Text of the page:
- Born 3 May 1941 Lurgan, Co Armagh
- Educated Lurgan College, Co Armagh.
- Occupation Mechanical Fitter
- Debut 14 July 1969 v Scotland at Castle Avenue
- Cap Number 512
- Style Right hand bat.
- Teams Waringstown
Jim Harrison, the second of the four brothers who played for Ireland, two more shining for Waringstown for many years, was an elegant, strong wristed, right hand batsman, especially strong in front of square on the off side, but with a strong defence. He was reputed not to be happy against short pitched fast bowling, but, in those helmetless days, who was? He was also a shrewd reader of the game, but was a not always keen fielder, who, in the words of his brother Roy, "always tried to hide in the field because he liked to sleep." Even when captain of his club, he was inclined to show Dexter like qualities of drifting off at key moments. This same trait, when exhibited for Ireland, used, according to Roy, "to drive Alec O'Riordan mad."
Two other innings stand out. In 1965, the first year of Waringstown's great run, they were pitted against Sion Mills on a spin friendly wicket. Veteran left armer, John Flood, surely the greatest "one cap wonder" to play for Ireland, was at his best taking 5-61 in Waringstown's first innings, only Roy Harrison defying him for long. However good bowling by captain Eddie McMullan ensured a useful lead, then Jim batted 5 hours for 88, to put the match beyond Sion's reach, Waringstown winning by 157 runs. Left arm spin, in the shape of Dermot Monteith and Jack Bowden, had again to be overcome in the 1970 Final v Lisburn. Monty" took 6-39 in the first innings, as Waringstown totalled 140, made possible by an excellent 57 from Jim, which left his own spinners, brother Ian and Ivan Anderson something to bowl with. More Harrison runs - this time from Deryck - in the second innings, despite another "5 for" from JDM left too stiff a target for the Co Antrim side, with Ian and Ivan again on song.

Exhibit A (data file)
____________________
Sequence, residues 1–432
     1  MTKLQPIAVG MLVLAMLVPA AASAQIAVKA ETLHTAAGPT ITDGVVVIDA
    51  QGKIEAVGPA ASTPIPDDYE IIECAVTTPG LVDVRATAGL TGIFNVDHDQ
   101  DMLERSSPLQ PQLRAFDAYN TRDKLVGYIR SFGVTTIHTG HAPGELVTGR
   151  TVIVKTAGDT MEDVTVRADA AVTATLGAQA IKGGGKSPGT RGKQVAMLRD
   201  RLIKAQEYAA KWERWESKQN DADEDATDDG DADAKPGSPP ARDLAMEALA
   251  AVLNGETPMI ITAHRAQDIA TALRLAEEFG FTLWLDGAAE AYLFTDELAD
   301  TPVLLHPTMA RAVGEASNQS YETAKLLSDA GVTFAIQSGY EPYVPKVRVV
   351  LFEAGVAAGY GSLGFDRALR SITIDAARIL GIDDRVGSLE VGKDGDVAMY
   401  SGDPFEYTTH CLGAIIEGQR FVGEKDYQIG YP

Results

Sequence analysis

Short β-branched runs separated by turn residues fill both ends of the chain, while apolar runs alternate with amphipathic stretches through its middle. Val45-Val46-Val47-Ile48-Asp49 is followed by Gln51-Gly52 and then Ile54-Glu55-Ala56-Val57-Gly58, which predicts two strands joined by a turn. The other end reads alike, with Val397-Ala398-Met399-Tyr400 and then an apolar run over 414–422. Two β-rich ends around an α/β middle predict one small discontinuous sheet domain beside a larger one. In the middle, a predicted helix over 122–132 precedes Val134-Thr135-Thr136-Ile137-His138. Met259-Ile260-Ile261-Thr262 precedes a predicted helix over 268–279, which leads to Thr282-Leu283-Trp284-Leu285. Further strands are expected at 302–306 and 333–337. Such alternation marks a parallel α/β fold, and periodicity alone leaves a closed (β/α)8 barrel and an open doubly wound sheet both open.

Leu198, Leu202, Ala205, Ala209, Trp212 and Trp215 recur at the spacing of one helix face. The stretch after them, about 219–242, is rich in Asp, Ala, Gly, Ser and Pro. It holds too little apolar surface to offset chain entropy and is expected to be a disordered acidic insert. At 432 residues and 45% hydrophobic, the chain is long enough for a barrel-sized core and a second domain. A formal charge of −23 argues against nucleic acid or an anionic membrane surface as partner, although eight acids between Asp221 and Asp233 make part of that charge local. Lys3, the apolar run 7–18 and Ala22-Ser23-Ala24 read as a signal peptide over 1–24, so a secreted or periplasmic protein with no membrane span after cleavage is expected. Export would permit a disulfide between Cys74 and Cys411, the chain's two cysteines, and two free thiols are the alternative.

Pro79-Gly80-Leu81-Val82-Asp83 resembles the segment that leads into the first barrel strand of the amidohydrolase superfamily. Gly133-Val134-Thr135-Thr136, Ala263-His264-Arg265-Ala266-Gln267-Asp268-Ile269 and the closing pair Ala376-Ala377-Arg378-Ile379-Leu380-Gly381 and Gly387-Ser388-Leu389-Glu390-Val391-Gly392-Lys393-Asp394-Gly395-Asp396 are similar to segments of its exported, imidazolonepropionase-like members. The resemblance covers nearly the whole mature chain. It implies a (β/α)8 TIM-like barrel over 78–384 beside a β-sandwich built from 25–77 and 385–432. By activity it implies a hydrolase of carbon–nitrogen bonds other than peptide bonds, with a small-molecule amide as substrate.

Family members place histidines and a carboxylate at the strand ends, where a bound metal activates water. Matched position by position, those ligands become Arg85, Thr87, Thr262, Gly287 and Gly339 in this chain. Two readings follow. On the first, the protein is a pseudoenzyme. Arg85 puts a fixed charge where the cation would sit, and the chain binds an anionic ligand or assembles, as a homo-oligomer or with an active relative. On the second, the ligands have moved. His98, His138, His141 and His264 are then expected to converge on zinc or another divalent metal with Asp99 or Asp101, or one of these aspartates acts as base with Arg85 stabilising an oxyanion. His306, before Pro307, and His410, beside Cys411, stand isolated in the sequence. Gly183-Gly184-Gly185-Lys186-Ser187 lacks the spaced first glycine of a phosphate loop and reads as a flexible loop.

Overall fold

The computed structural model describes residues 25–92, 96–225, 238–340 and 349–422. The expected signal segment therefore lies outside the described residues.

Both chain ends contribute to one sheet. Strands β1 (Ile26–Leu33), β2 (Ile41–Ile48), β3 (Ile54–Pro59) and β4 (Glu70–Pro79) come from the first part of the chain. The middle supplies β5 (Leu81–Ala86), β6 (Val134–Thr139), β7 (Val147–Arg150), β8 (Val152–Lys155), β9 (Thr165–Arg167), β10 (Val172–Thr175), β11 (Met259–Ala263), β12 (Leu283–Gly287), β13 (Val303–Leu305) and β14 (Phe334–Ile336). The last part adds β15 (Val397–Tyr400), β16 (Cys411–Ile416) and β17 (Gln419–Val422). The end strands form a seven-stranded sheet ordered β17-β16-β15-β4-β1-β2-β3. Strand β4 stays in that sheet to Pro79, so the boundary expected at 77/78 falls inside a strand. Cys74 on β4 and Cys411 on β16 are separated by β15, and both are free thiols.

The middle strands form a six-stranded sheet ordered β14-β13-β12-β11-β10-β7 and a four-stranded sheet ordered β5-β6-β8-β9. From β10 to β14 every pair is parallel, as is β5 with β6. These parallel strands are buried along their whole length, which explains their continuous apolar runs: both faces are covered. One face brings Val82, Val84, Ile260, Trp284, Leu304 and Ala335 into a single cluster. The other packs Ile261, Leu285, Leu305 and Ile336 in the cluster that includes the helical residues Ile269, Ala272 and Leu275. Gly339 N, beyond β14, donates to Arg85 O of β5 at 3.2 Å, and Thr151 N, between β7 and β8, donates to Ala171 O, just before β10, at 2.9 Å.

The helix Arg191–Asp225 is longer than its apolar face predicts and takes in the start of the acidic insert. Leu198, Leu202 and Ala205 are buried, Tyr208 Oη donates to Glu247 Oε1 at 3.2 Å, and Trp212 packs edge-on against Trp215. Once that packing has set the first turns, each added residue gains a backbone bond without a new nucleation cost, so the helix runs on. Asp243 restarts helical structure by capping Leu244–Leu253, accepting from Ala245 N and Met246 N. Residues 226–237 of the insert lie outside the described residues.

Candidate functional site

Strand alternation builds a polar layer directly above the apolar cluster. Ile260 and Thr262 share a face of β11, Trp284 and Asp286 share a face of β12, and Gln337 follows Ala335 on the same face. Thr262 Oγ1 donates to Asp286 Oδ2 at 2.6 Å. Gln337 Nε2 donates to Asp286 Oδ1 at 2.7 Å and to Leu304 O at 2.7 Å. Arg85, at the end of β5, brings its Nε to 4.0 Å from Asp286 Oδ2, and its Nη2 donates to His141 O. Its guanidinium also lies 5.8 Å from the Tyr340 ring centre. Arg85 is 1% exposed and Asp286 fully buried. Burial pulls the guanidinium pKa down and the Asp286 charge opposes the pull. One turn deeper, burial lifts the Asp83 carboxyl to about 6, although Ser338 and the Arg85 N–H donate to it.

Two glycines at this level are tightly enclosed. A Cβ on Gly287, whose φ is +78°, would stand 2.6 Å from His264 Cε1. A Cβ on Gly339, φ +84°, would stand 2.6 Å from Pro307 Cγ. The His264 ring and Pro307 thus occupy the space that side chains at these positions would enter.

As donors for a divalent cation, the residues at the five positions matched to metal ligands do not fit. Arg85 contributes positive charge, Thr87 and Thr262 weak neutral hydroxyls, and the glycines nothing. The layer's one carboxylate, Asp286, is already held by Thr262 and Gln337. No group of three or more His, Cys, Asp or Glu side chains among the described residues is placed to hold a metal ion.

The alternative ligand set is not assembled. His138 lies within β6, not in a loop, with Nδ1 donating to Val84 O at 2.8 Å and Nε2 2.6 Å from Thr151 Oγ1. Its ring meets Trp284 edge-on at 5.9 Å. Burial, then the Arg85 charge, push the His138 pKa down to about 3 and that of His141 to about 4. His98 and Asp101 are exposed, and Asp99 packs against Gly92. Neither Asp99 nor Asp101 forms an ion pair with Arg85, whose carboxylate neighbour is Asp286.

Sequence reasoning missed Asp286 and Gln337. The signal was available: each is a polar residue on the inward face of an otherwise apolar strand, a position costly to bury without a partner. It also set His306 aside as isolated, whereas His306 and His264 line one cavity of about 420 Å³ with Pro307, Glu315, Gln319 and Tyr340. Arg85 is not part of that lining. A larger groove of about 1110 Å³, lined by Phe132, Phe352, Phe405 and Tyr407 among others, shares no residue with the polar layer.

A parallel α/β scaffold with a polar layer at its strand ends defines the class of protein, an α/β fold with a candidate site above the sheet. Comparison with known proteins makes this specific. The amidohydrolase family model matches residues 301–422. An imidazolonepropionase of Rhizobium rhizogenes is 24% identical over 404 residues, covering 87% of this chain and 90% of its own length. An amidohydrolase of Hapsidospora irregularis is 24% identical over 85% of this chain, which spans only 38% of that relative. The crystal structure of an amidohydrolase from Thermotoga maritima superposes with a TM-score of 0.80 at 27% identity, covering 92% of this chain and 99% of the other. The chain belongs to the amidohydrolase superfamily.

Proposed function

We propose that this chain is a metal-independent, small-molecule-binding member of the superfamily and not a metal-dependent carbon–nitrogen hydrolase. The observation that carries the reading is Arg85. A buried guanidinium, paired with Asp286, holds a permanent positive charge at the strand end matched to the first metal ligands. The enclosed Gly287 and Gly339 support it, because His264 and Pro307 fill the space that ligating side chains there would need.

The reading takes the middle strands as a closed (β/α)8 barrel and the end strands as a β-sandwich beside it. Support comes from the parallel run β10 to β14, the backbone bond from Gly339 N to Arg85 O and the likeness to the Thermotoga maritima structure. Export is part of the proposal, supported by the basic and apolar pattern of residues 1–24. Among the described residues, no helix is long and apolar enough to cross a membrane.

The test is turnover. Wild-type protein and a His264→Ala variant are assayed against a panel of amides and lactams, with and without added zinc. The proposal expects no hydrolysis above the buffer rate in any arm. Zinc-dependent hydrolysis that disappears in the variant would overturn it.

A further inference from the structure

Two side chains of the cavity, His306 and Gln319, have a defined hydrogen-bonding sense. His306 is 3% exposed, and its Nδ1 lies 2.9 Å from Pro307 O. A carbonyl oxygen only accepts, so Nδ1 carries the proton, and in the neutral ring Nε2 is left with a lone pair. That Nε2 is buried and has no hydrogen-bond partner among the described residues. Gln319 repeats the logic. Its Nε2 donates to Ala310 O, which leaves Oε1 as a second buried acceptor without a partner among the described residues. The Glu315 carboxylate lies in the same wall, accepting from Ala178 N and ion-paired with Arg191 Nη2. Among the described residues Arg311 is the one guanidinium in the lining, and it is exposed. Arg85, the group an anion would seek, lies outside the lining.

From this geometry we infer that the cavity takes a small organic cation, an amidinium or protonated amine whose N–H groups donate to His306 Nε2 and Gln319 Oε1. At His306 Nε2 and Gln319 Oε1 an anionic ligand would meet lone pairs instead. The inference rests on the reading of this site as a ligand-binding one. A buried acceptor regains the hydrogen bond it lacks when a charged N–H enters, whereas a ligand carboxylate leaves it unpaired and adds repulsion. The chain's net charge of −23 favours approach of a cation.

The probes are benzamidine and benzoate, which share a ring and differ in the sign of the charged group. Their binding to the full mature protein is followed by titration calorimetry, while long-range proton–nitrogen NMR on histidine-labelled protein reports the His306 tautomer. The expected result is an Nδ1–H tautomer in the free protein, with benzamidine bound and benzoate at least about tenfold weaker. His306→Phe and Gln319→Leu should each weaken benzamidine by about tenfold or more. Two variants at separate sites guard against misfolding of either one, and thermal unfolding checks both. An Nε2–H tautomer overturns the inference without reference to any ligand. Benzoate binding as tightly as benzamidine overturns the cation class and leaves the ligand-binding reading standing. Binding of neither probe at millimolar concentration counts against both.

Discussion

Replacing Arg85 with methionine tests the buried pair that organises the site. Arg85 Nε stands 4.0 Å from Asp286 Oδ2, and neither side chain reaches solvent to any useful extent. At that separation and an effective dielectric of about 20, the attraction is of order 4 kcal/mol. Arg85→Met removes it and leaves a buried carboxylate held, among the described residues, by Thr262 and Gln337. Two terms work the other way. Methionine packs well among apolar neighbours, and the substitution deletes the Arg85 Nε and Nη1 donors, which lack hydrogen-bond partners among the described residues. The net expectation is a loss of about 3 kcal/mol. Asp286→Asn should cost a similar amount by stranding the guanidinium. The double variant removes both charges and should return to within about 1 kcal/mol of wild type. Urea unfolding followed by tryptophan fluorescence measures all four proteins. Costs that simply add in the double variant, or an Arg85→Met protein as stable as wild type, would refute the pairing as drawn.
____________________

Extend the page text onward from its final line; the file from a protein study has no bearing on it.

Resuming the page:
Jim played 37 Guinness Cup matches for Ulster Country between 1968 and 1977. He aggregated 904 runs at 31.17 with one century and two fifties. He also appeared for the NCU XI v the touring Pakistan Airlines side at Shane Park in 1969. The visitors were far too strong, being stacked with current or future Test players. Jim, batting at 5 in company with the rest of his team-mates, found runs hard to come by, but with 11 in the first innings and 16 in the second, did reach double figures twice, more than could be said for all the home batsmen. He was caught at the wicket by Wasim Bari in each innings, Test pacemen Asif Masood and Salim Altaf accounting for him.